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In the real world, consent is not as simple as
'yes means yes.' Whether it's layers of oppression complicating power dynamics or alcohol complicating the ability to say 'yes', there's a lot to think through.

An Excerpt from the zine

By C. Mensah and H. Batten (2016)

"In feminist and activist circles the narrative around gender based violence is often the same: We exist in a patriarchy that disadvantages women, non-binary, and two-spirit folks in both their public and private life. When we understand this, we begin to see how sexual violence is just one manifestation of larger social systems designed to benefit the straight cis able bodied men, while disadvantaging others along the way. While understanding that systemic oppression is a necessary part of dismantling this violence, it seems contradictory to paint this bleak picture and then turn to 'consent campaigns' as the solution.


How can we expect the same people who experience patriarchal oppression and coercion to then get into the bedroom with cis men and assert their autonomy and give an 'enthusiastic yes'? Beyond the fact that most consent campaigns exclude queer relations, racialized folks, and other identities, at its core consent campaigns are contradictory [...]


Consent campaigns never let us talk about the real stuff. We never get to talk about how heteronormativity programs us to perform and display our intimate partnerships in ways that are often uncomfortable and unsafe. We don't talk about how we grapple with giving consent freely when we are told that our bodies and what we do with them are what determine our value, not who we are.


Under patriarchy, we know that folks in the margins struggle to understand, reframe, and act in ways that feel fully autonomous, so why do we construct frameworks that void this from the discussion? Why are we relying on narratives of gender that are inherently imbalanced to teach us how to love, care, and please one another? How can we imagine something different that includes all of our identities and experiences? How do we stop putting the onus on oppressed people to navigate their autonomy?


We know that in the context of consent that doing so continues to make us responsible for sexual interactions that may not have felt good, simply because we said "yes". It gives us no space to talk about the grey zones, the pluralities and the intersections. It continues to uphold a harmful dichotomy of consent vs. assault that does not speak to the loud, complicated and confusing experiences that people have in between."

Consent, Sex & Heteronormativity


(Language modified from RAINN resource)

In cases of drug-facilitated sexual assault, survivors often blame themselves. Remember—you are not to blame. Someone took advantage of you, and that is absolutely NOT your fault.

What is drug-facilitated sexual assault?

Drug-facilitated sexual assault occurs when alcohol or drugs are used to compromise someone’s capacity to consent to sexual activity. These substances make it easier for a perpetrator to commit sexual assault because they inhibit a person’s ability to resist and can prevent them from remembering the assault.

You may have heard the term “date rape drugs” to refer to substances that can aid a perpetrator in committing sexual assault.

How does a perpetrator use drugs and alcohol?

Drug-facilitated sexual assault occurs in two ways: when the perpetrator takes advantage of someone’s voluntary use of drugs or alcohol or when the perpetrator intentionally forces a victim to consume drugs without their knowledge.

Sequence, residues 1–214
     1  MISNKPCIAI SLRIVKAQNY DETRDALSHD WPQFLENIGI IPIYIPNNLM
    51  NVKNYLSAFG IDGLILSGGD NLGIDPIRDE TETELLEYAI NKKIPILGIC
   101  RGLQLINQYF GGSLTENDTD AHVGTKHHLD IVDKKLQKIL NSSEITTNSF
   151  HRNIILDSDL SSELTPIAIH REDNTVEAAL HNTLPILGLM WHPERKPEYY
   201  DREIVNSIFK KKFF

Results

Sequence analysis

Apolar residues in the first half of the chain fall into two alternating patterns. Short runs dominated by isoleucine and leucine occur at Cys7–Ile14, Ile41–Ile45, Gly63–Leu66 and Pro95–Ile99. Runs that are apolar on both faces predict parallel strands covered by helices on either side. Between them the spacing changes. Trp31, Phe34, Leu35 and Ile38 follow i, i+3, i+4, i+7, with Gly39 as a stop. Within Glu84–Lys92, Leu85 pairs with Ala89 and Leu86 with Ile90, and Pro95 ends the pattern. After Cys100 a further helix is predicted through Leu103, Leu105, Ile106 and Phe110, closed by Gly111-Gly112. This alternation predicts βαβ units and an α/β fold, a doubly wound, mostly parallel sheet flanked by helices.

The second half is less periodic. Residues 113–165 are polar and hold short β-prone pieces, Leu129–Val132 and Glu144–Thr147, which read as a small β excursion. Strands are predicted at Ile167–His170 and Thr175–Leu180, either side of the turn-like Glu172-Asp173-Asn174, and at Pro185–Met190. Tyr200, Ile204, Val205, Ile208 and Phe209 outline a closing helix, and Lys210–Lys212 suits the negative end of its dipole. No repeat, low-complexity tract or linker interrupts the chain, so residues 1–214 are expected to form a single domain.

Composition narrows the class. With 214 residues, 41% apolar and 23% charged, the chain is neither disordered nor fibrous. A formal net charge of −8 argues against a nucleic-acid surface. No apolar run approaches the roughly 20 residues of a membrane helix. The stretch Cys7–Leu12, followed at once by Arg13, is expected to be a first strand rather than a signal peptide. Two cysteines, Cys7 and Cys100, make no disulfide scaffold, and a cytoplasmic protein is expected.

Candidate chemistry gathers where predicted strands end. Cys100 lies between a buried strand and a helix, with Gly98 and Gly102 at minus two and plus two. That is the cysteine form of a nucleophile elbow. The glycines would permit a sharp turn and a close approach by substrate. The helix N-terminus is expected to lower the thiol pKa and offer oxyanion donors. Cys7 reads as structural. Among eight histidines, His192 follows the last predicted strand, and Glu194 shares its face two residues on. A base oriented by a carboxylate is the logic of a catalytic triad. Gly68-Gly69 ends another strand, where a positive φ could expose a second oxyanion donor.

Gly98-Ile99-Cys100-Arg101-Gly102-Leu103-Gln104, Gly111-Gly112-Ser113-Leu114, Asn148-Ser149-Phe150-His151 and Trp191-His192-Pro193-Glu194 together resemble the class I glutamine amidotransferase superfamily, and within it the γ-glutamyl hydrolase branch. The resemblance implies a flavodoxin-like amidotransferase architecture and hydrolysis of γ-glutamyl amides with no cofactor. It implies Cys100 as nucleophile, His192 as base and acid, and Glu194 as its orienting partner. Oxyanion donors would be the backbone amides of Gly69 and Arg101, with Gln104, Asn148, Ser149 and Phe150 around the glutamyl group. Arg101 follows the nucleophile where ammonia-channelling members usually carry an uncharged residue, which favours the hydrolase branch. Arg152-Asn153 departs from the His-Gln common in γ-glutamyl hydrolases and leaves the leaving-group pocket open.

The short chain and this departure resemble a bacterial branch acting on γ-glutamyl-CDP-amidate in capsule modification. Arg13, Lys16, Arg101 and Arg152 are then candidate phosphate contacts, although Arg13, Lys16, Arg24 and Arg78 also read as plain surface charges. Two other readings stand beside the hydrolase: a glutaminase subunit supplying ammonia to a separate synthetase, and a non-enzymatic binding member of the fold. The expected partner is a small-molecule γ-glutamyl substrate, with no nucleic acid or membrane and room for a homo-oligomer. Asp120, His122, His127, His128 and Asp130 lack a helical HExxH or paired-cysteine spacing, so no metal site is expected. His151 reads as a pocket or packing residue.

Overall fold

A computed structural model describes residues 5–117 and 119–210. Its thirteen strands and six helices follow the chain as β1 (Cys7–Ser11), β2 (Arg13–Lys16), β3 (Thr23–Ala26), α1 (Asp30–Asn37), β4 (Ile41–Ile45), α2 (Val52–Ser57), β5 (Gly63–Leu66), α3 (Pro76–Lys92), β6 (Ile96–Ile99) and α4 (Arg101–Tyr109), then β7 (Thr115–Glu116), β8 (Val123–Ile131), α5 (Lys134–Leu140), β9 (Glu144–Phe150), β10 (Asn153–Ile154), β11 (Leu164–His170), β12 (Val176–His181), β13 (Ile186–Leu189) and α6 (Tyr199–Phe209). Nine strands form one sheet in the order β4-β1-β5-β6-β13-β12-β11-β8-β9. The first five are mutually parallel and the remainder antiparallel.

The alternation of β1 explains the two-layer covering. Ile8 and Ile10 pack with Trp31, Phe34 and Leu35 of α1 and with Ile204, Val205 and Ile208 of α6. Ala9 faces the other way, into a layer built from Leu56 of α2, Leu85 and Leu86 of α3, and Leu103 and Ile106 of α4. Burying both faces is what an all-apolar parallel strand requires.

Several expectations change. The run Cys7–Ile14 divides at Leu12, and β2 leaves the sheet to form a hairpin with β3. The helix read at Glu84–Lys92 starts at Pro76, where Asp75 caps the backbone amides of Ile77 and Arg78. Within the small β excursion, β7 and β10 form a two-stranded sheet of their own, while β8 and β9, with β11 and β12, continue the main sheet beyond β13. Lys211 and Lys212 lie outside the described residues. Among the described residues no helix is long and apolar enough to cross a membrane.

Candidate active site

• Alcohol is the most commonly used substance in drug-facilitated sexual assault.

  • Prescription drugs like sleep aids, anxiety medication, muscle relaxers, and tranquilizers may also be used by perpetrators.

  • Street drugs, like GHB, rohypnol, ecstasy, and ketamine can be added to drinks without changing the color, flavor, or odor of the beverage.


Some victims blame themselves for drinking “too much” at a party or putting themselves in a “potentially dangerous” situation, but it’s important to remember that if a sexual assault occurs under these circumstances, it is NEVER the victim’s fault. The blame falls on the perpetrator.

How would I know if I’d been drugged?

Depending on the substance, the initial effects of a drug can go unnoticed or become apparent very quickly. If you notice any of the following warning signs in yourself reach out to someone you trust immediately, tell someone working at the facility you are at (some bars and venues have programs like “angel shots”), or try to get somewhere safe. If you notice these symptoms in another person, take steps to keep that person safe!!!


  • Difficulty breathing

  • Feeling drunk when you haven’t consumed any alcohol or very limited amounts

  • Loss of bowel or bladder control

  • Nausea

  • Sudden body temperature change that could be signaled by sweating or chattering teeth

  • Sudden increase in dizziness, disorientation, or blurred vision

  • Waking up with no memory, or missing large portions of memories


Preserving Evidence

If you suspect you were drugged, you can take steps to preserve the evidence in case you’d like to be tested to find out what drugs were in your system, or for the sake of an investigation. Many of the drugs used by perpetrators leave the body quickly, within 12 to 72 hours. If you can’t get to a hospital immediately, you can save your urine in a clean, sealable container, and place it in the refrigerator or freezer.

Creating a culture of consent means all actions, not just sexual ones, should be well-communicated and out of mutual respect.

Check out the images below for examples of how consent is mandatory #OutsideTheBedroom too!


This video was created by sex educator Karen B. K. Chan, and explores practices of consensual sexual communication.

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